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Those shots in full

As it was, Jon Toral recorded a hat trick with two early goals starting proceedings and looking as though the floodgates might open. With the crowd exhorting Toumani to shoot at every opportunity, expectation was high. Even ‘the left side, Ealing Road’, joined in with the cheering before meeting the good natured retort “You only sing when your winning” from the rest of the stand.

Instead, it stayed at two until just after half time when Andre Gray’s effort eventually squeezed though, and off, a sea of legs for 3-0. And that was it until Toral was forced to make room on his mantelpiece for a match-ball as he stabbed home from close range just before the final whistle.

4-0 was no more than we deserved but with everybody above us (barring Bournemouth who play tonight) winning, it was an essential result. Yes, we could have had more but three points had to be the priority against a team who were desperate for a result and, for a moment, looked as though they might even grab the opening goal.

However, it was just a moment and, with the threat gone, Brentford recorded a victory that sees us sitting immediately outside the playoff zone, just two points off third place. All talk of Matthew Benham’s mathematical model has been pushed firmly to the back of the mind as 7(seven) goals in two games suggest something is working just fine as things currently stand. Hey, we even scored from a corner (albeit, the traditional ball into the penalty box rather than the much maligned ‘short’ variety).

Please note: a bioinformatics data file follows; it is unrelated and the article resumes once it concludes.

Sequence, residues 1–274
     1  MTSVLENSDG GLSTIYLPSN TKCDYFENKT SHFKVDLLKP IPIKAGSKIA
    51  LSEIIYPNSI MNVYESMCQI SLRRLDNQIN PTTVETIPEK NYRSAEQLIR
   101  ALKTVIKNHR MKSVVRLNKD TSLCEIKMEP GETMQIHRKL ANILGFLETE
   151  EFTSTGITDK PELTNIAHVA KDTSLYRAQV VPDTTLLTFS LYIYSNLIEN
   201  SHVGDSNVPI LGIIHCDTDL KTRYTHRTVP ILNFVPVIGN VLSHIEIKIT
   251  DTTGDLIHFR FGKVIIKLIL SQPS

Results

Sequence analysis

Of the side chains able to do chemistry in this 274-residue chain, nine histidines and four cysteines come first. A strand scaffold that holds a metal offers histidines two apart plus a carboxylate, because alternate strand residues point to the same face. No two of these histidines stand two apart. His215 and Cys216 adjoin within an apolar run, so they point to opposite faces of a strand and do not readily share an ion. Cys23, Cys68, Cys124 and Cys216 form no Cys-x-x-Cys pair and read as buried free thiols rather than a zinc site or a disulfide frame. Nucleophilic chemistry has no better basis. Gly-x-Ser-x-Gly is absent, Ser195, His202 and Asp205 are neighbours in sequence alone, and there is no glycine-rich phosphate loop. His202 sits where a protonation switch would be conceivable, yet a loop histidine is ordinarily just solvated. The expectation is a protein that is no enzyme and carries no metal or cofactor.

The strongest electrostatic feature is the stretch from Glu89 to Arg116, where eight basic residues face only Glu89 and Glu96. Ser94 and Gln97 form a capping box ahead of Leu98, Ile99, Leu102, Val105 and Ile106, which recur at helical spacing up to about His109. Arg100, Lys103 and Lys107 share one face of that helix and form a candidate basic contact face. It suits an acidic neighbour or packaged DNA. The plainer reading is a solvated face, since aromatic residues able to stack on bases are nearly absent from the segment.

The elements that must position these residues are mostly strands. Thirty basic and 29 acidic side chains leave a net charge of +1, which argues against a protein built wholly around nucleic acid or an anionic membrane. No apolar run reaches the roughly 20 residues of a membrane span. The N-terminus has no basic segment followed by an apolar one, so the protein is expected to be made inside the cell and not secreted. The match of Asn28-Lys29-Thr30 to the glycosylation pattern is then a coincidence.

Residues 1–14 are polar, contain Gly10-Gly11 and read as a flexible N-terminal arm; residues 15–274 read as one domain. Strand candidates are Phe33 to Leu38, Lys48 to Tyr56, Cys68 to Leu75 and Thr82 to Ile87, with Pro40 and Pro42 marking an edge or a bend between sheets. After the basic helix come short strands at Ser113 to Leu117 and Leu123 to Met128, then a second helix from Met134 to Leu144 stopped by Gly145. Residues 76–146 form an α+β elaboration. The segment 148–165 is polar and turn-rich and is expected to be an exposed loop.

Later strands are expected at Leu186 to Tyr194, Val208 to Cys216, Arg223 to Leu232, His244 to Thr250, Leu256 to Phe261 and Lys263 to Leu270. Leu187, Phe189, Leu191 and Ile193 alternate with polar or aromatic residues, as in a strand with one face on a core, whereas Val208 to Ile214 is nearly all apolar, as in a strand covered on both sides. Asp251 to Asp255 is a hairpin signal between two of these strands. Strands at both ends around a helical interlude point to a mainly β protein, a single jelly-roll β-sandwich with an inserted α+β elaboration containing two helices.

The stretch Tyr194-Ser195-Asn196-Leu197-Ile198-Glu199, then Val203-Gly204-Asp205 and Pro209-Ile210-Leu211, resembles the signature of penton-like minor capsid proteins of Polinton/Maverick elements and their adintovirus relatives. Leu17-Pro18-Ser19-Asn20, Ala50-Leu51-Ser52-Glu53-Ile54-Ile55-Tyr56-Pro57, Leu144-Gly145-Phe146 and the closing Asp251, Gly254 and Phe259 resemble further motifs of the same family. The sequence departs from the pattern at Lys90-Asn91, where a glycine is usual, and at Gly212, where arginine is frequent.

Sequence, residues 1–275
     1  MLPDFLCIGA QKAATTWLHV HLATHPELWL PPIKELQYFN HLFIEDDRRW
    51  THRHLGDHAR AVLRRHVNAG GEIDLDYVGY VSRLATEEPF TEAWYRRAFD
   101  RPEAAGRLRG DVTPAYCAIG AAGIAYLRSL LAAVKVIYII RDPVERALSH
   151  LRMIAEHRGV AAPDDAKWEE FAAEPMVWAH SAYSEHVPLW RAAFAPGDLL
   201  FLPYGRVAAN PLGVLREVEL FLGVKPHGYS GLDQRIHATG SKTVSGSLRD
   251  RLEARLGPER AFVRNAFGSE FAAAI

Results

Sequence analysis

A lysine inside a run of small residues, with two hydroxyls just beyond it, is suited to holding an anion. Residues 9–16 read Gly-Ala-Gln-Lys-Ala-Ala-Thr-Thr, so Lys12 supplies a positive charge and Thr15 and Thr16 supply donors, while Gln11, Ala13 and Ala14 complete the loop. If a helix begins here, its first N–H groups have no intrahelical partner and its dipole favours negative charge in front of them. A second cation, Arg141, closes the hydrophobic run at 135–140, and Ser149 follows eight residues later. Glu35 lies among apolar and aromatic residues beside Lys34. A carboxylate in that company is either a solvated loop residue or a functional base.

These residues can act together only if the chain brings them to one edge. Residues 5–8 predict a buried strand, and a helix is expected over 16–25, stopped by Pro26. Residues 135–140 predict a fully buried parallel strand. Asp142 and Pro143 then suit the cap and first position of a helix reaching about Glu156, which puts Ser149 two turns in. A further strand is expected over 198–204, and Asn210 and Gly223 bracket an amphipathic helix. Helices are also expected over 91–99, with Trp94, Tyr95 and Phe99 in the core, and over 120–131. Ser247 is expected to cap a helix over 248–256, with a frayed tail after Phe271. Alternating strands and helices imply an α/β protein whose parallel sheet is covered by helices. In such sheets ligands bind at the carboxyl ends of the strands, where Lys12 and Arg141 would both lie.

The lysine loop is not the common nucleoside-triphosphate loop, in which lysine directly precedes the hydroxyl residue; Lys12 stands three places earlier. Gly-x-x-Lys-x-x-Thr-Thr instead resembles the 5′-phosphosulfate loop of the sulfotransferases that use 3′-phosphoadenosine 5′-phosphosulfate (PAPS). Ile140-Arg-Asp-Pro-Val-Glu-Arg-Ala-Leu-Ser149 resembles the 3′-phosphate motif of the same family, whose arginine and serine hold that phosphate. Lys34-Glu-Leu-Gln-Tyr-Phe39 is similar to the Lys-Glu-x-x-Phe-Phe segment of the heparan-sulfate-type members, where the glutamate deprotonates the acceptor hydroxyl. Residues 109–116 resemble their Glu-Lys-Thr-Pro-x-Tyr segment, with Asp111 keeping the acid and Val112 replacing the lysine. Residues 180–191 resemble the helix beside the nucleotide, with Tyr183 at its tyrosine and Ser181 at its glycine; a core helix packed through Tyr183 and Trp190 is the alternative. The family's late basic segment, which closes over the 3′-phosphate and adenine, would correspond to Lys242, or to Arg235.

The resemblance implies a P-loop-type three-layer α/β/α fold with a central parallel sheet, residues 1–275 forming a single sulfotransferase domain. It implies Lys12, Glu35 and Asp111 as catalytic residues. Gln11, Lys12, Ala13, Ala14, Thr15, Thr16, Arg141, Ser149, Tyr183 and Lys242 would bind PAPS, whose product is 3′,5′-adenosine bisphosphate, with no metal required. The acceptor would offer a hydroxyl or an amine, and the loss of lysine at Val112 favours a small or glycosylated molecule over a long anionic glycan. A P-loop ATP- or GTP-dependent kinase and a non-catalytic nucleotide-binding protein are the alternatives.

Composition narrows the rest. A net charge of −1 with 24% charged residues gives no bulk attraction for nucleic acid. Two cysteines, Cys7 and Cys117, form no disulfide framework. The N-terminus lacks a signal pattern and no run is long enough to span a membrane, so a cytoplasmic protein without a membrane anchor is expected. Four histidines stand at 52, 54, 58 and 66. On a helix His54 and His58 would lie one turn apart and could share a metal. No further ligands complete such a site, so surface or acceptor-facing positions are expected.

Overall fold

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In the interest of balance I’m looking for a negative about our performance but it is hard to be truly objective when the opposition offer so little. You have to really feel for their fans making that journey for that level of resistance.

Being über critical, the only thing to elicit any form of inward groan, short corners aside, was some of David Button’s distribution. Whilst we used to think even Natalie Sawyer’s feet would be better suited to clearing the ball, that part of his game has still improved so much that a rogue effort does really stand out now. There’s good reason the fans chant “England’s number one”.

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Better than Button? Natalie Sawyer feet pictures feat Mark Burridge, too.

Warbs’ stock continues to rise as the post match discussion in the pub was very much one of “What next”? Matthew Benham has made his intentions clear and so certainly seems to have gone too far down this track for a reversal of opinion. The popular Mark Warburton, meanwhile, has said he won’t be able to work within such a structure.

However, there is an alternative which could keep both parties happy. If Matthew wants a mathematical model then I have two words which, I am sure, would prove a popular decision – Rachel Riley.

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First look at the artist’s impression of a mathematical model etc etc etc

And, as ever, if you would like to read more about that incredible period then you can do so here…….

Nick Bruzon

Almost 50 years on, old rivalries are about to reignite

29 Oct

This time tomorrow, Brentford fans will be preparing for our first West London derby of the season as QPR visit Griffin Park. And if it’s anywhere near as exciting as last season’s, we could be in for a treat. Two wins and six points against Fulham, including the 4-1 thrashing administered at Craven Cottage, have only served to whet the appetite for another game against local rivals.

4-1, and four of the best goals you'll ever see

4-1, and four of the best goals you’ll ever see